This is a really interesting question. Cryptography, I think, is shrouded in uncertainty. History is riddled with instances where the world 'knew' that their method of encryption was completely secure, only to discover years later that wasn't the case. Usually once they were in jail, or the war was over already.
You see.. Eve (the nickname we give to the person trying to evesdrop in Cryptography http://en.wikipedia.org/wiki/Alice_and_Bob), is at an advantage if she knows how to decrypt a message if Alice and Bob don't know she can. Because they will continue to communicate while she eves drops.
While a little out of my depth, people are well into the realms of Quantum Cryptography. Which as Simon Singh explains in his book 'The Code Book', will really blow most currently known encryption methods out of the water. Even if we were to simplify this, hackers are now using cloud architecture to increase computing power massively to decrypt information.
You only have to look at the competitions held at conventions like Defcon every year where the competitors seem to have machines and resources 10 times what they had last year :)
You could possibly argue, that as time has gone by code breaking has become just as much about computing power as it has about the method of decryption itself. I.e. it doesn't take a computer to break the Casesar Cipher (http://en.wikipedia.org/wiki/Caesar_cipher) but you better hope you have some computer power to break say, MD5 or DES.
In that sense, it's hard to answer what the most secure method of communicating is right now.. We can't be 100% safe in the knowledge that publically known encryption methods can't be broken.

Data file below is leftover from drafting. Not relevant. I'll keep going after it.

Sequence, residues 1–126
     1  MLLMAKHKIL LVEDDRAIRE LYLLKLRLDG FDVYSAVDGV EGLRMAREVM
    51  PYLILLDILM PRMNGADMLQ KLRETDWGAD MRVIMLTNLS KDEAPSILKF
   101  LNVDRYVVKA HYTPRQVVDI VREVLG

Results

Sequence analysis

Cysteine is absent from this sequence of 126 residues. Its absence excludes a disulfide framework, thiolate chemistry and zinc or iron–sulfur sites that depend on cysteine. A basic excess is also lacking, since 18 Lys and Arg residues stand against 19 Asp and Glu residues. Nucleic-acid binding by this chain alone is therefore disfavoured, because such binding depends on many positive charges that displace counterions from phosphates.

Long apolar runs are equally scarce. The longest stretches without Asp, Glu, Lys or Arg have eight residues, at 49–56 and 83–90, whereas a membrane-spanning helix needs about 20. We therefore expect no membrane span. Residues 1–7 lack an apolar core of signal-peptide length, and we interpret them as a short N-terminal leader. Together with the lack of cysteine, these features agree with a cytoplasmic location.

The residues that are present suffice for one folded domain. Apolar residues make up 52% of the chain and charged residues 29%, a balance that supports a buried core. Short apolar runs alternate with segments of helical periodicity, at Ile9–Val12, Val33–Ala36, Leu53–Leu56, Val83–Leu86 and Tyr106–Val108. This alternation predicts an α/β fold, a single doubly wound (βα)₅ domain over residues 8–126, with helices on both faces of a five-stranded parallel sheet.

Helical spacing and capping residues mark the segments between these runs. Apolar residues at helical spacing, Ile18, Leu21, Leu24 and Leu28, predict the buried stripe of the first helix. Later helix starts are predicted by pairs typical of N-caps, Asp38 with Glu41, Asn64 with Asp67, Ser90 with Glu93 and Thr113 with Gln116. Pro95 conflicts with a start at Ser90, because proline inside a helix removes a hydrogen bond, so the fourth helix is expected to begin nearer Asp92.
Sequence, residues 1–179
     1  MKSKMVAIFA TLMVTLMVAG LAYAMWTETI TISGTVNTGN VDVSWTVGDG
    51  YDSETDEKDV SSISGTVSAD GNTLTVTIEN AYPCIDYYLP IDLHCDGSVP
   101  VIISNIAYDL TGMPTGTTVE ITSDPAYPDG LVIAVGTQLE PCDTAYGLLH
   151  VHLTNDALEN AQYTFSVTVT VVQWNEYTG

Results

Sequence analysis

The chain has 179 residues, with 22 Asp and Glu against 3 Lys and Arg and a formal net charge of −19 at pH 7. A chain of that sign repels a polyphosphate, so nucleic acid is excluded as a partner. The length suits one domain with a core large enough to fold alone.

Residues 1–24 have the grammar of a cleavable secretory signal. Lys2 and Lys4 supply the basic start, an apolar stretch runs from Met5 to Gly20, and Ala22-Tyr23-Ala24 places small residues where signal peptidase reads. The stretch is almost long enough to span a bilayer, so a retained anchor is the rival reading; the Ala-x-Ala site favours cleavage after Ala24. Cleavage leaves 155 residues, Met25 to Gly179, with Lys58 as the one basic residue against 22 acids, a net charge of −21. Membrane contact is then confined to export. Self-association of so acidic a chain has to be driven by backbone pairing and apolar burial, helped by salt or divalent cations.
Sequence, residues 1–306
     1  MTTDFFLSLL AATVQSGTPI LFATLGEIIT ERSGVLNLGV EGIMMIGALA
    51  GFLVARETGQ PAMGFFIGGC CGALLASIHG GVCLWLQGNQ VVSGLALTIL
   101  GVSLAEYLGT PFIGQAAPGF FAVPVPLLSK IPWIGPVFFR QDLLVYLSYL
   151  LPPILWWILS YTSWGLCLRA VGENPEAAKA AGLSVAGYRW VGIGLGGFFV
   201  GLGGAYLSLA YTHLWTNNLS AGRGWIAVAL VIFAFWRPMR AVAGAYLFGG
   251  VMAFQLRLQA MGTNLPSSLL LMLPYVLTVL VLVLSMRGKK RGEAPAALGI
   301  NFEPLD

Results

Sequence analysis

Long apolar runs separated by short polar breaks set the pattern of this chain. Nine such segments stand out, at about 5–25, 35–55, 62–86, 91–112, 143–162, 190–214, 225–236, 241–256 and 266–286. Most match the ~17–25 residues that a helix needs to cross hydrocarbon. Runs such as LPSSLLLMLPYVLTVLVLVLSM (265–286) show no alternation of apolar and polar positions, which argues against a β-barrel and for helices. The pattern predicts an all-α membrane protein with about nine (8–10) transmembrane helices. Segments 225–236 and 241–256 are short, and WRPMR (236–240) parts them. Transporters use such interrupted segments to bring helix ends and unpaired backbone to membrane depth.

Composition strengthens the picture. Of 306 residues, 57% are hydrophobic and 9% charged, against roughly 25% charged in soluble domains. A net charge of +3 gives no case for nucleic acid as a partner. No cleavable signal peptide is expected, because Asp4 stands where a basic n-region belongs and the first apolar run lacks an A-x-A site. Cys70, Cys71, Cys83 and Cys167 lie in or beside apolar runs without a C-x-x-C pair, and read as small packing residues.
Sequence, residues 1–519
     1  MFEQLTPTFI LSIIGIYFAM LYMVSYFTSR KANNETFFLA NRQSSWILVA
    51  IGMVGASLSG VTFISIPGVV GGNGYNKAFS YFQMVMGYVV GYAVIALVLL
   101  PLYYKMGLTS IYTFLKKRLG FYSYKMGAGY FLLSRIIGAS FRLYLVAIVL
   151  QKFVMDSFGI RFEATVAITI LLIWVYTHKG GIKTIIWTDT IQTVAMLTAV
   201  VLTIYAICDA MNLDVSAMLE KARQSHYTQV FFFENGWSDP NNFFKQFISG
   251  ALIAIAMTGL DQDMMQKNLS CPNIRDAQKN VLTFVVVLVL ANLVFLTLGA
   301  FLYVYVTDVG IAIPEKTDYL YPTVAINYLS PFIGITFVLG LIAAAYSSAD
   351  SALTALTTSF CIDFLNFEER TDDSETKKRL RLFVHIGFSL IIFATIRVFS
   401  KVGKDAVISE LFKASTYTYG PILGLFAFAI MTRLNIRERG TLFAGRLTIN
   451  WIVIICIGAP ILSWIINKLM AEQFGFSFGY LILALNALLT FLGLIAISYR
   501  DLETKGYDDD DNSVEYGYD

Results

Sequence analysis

So how can we securely communicate in the real world? Well.. I think we need to consider the very first communications.
Assuming it's true that, given enough computing power, AES256 can be broken.. commonly considered 'military grade' encryption, I think we need to focus on other means of being safe. I think that is in the initial communication. If you assume we're utilising public key bases ideologies, once each person has the key, they need only send encrypted messages without the key. Some communications lend themselves well to that, I think.
PGP encryption is good I think. Because you can physically pass the key on a piece of paper, memorise it, which you can later burn, for example.
I quite like OCR (http://www.cypherpunks.ca/otr/) which is similar but also integrates with a few instant messaging programs.
tl;dr ultimately nothing will always be secure, if trends in history prevail. But something where you can share a key and never repeat it out loud is possibly about as good as you can get right now.
p.s. i'm no expert. Just sharing what I know :)